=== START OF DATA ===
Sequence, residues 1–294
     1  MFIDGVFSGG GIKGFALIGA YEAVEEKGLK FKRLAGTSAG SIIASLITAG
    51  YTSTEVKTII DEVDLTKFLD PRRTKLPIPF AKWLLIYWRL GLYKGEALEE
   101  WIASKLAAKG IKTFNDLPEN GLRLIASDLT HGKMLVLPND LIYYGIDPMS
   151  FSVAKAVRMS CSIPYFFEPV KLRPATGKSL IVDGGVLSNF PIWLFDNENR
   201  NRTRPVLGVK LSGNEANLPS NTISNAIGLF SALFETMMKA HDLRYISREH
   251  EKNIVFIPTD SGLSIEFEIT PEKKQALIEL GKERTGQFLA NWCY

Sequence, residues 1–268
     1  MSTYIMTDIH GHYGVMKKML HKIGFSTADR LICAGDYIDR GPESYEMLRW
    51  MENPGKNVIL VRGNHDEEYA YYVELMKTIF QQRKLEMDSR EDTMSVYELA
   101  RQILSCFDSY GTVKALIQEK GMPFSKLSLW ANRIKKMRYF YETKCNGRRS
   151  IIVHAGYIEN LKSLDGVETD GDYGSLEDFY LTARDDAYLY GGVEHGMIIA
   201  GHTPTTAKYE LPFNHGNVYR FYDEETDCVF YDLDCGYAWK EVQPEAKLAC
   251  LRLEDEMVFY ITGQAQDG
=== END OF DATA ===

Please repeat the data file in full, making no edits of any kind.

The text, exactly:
Sequence, residues 1–294
     1  MFIDGVFSGG GIKGFALIGA YEAVEEKGLK FKRLAGTSAG SIIASLITAG
    51  YTSTEVKTII DEVDLTKFLD PRRTKLPIPF AKWLLIYWRL GLYKGEALEE
   101  WIASKLAAKG IKTFNDLPEN GLRLIASDLT HGKMLVLPND LIYYGIDPMS
   151  FSVAKAVRMS CSIPYFFEPV KLRPATGKSL IVDGGVLSNF PIWLFDNENR
   201  NRTRPVLGVK LSGNEANLPS NTISNAIGLF SALFETMMKA HDLRYISREH
   251  EKNIVFIPTD SGLSIEFEIT PEKKQALIEL GKERTGQFLA NWCY

Sequence, residues 1–268
     1  MSTYIMTDIH GHYGVMKKML HKIGFSTADR LICAGDYIDR GPESYEMLRW
    51  MENPGKNVIL VRGNHDEEYA YYVELMKTIF QQRKLEMDSR EDTMSVYELA
   101  RQILSCFDSY GTVKALIQEK GMPFSKLSLW ANRIKKMRYF YETKCNGRRS
   151  IIVHAGYIEN LKSLDGVETD GDYGSLEDFY LTARDDAYLY GGVEHGMIIA
   201  GHTPTTAKYE LPFNHGNVYR FYDEETDCVF YDLDCGYAWK EVQPEAKLAC
   251  LRLEDEMVFY ITGQAQDG